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* This work was supported by grants from the Forschungskredit of the University of Zurich (KN57150702, to A. B.), from the Novartis Foundation (to M. G.), from the Swiss National Funds (NF31-125001, to M. G.), from the National Research Foundation of Korea (NRF) funded by the Korea government (MEST) (no. 2009-0091504), and from the Crop Functional Genomics Frontier Research Program (CG3132) (to H.-G. N.). The on-line version of this article (available at http://www.jbc.org) contains supplemental Figs. S1–S7. 1 Both authors contributed equally to this work.
Plant development and physiology are widely determined by the polar transport of the signaling molecule auxin. This process is controlled on the cellular efflux level catalyzed by members of the PIN (pin-formed) and ABCB (ATP-binding cassette protein subfamily B)/P-glycoprotein family that can function independently and coordinately. In this study, we have identified by means of chemical genomics a novel auxin transport inhibitor (ATI), BUM (2-[4-(diethylamino)-2-hydroxybenzoyl]benzoic acid), that efficiently blocks auxin-regulated plant physiology and development. In many respects, BUM resembles the functionality of the diagnostic ATI, 1-N-naphtylphtalamic acid (NPA), but it has an IC50 value that is roughly a factor 30 lower. Physiological analysis and binding assays identified ABCBs, primarily ABCB1, as key targets of BUM and NPA, whereas PIN proteins are apparently not directly affected. BUM is complementary to NPA by having distinct ABCB target spectra and impacts on basipetal polar auxin transport in the shoot and root. In comparison with the recently identified ATI, gravacin, it lacks interference with ABCB membrane trafficking. Individual modes or targets of action compared with NPA are reflected by apically shifted root influx maxima that might be the result of altered BUM binding preferences or affinities to the ABCB nucleotide binding folds. This qualifies BUM as a valuable tool for auxin research, allowing differentiation between ABCB- and PIN-mediated efflux systems. Besides its obvious application as a powerful weed herbicide, BUM is a bona fide human ABCB inhibitor with the potential to restrict multidrug resistance during chemotherapy.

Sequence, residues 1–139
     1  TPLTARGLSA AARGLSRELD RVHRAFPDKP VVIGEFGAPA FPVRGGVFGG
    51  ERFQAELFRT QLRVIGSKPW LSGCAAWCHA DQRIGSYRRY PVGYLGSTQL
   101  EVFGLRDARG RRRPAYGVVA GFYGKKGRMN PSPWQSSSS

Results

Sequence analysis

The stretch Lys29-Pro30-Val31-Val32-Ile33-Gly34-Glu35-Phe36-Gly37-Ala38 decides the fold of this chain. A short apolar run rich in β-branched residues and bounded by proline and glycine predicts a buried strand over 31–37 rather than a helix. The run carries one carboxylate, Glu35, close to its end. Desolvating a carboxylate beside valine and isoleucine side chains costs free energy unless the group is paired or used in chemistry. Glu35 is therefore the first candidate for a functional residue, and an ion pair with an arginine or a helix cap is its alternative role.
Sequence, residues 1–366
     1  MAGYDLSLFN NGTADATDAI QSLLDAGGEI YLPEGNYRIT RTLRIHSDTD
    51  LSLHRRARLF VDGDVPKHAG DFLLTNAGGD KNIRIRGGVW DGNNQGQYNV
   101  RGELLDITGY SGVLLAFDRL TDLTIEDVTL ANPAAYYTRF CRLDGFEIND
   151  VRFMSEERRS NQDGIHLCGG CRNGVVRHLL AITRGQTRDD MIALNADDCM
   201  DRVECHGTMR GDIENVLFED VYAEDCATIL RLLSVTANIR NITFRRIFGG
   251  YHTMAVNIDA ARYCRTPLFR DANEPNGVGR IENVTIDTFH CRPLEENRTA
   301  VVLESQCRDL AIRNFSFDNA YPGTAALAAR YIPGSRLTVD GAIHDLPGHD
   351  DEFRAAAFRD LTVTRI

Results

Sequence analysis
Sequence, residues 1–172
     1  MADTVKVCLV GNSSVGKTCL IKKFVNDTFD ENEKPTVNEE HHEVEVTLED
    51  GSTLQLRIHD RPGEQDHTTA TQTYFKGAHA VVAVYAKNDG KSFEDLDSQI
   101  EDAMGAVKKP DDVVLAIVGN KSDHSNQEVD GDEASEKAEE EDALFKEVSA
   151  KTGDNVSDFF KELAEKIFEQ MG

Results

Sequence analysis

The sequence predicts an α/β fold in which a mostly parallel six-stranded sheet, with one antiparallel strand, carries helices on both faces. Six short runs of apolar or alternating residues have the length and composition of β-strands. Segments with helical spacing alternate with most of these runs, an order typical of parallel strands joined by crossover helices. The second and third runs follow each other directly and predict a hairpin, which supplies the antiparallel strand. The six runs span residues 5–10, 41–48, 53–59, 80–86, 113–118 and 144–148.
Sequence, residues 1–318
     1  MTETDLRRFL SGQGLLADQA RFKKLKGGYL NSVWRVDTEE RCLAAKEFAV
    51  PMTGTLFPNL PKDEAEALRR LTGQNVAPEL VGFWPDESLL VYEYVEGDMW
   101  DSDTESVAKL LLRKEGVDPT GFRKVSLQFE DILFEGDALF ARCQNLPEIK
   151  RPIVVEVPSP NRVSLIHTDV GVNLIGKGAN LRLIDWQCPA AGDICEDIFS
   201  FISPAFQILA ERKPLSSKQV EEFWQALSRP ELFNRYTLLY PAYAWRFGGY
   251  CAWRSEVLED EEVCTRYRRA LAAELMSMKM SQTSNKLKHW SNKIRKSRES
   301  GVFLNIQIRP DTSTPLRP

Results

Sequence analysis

). However, cellular efflux is the rate-limiting step of PAT, and in agreement with the chemiosmotic hypothesis, putative exporters of the PIN (pin-formed) and B subfamily of ABC transporter, ABCB/PGP/MDR (P-glycoprotein, multidrug resistance), families have been identified (
Most PIN efflux carriers show predominantly polar locations in PAT tissues and developmental, organogenetic loss-of-function phenotypes and are thought to be the determinants of a “reflux loop” in the root apex (
). The current picture that emerges is that in interacting cells, multilaterally expressed ABCBs minimize apoplastic reflux, whereas polar ABCB-PIN interactions provide specific vectorial auxin stream (
). However, the individual roles of ABCB- and PIN-mediated auxin flows are far from being understood.
The investigation of PAT streams was facilitated by using synthetic compounds that act as auxin transport inhibitors (ATIs), with the non-competitive IAA efflux inhibitor 1-N-naphtylphtalamic acid (NPA) being the most prominent. Until today, the identity, number, and affinity of putative NPA-binding proteins (NBPs) is still controversial (